Celtics making case that more is probable

It has become traditional for March Madness contenders to adopt watchwords for their tournament runs. It needs to be short, snappy and able to be printed on the tens of thousands of T-shirts.

The T-shirts, of course, will generate another deep revenue stream in which the players will not share, but presumably they get their T-shirts for free.

Kansas stepped into the Final Four over the weekend. It’s mantra: More is Possible.

That isn’t particularly original and is not going to be carved in granite anywhere, but it serves the purpose.

NBA teams don’t create a frenzy with battle cries, though they are certainly not shy about slapping their team logos on anything that sells. Considering the way the Celtics have blown through two months of absolute domination of nearly all opponents, More is Probable might be worth a run up the flagpole to see if any advertising gurus salute.

They might still consider even without having the services of Robert Williams, who suffered a torn meniscus in his left knee. Depending on who is doing the guessing, it looks like Williams will be out for six weeks.

More, or less, is possible.

Old man Al Horford will have to pick up much of the slack. Horford didn’t accompany the Celtics to Toronto for Monday night’s game. Jayson Tatum and Jaylen Brown were expected to sit out Monday night with sore knees.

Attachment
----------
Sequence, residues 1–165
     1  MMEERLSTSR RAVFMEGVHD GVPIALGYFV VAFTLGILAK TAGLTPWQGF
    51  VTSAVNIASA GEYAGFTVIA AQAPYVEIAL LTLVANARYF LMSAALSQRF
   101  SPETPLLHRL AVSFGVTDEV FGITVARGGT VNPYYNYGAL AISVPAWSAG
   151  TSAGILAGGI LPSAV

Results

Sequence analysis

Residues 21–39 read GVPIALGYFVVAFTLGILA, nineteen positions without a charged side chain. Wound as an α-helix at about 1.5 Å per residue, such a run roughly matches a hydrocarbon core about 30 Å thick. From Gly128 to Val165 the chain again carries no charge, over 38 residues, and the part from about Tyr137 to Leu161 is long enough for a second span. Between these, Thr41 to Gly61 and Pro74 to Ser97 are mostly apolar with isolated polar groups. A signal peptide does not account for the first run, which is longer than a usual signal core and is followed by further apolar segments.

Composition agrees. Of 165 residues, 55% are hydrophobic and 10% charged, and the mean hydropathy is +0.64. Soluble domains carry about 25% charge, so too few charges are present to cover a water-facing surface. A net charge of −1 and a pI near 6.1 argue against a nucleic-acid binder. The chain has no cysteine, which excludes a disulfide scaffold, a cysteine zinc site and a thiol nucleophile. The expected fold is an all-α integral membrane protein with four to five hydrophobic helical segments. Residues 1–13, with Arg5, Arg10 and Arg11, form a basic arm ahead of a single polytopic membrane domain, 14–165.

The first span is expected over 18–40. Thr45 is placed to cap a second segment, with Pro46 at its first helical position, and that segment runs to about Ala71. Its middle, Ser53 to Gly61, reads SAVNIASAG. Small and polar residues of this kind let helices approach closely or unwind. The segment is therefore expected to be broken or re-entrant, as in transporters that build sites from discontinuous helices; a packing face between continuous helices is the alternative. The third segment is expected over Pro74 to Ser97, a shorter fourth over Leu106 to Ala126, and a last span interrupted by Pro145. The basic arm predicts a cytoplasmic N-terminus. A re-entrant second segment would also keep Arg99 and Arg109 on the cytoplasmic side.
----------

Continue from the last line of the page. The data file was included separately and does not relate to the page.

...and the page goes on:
The good people of Toronto were to be treated to a lot of Marcus Smart, Daniel Theis, Payton Pritchard and a jumble of names who would not generate much anticipatory excitement.

Then again, the way the Celtics are playing, anyone wearing the uniform might have an unexpected supply of star power.

It isn’t just the winning that has made the Celtics a fresh force among Eastern Conference contenders. The point spreads have been in the neighborhood of 20 points against some quality teams, more against the NBA dregs.

Tommy Heinsohn would have tears in his eyes watching them run a fast break like Celtics of old. They are moving without the ball, running plays that don’t inevitably produce a shot beyond the arc.

Even better, they have been playing defense and rebounding with absolute ferocity. That is what makes Williams’ absence worth worrying about. Williams made opposition trips into the lane acts of futility as often as not.

Defense has created more offensive opportunities, as happens with top-shelf basketball teams. The Celtics have taken full advantage.

Is there a bright side of Williams’ extended absence? Sort of.

We’ll get to see how the young Celtics respond to the season’s greatest bit of adversity.

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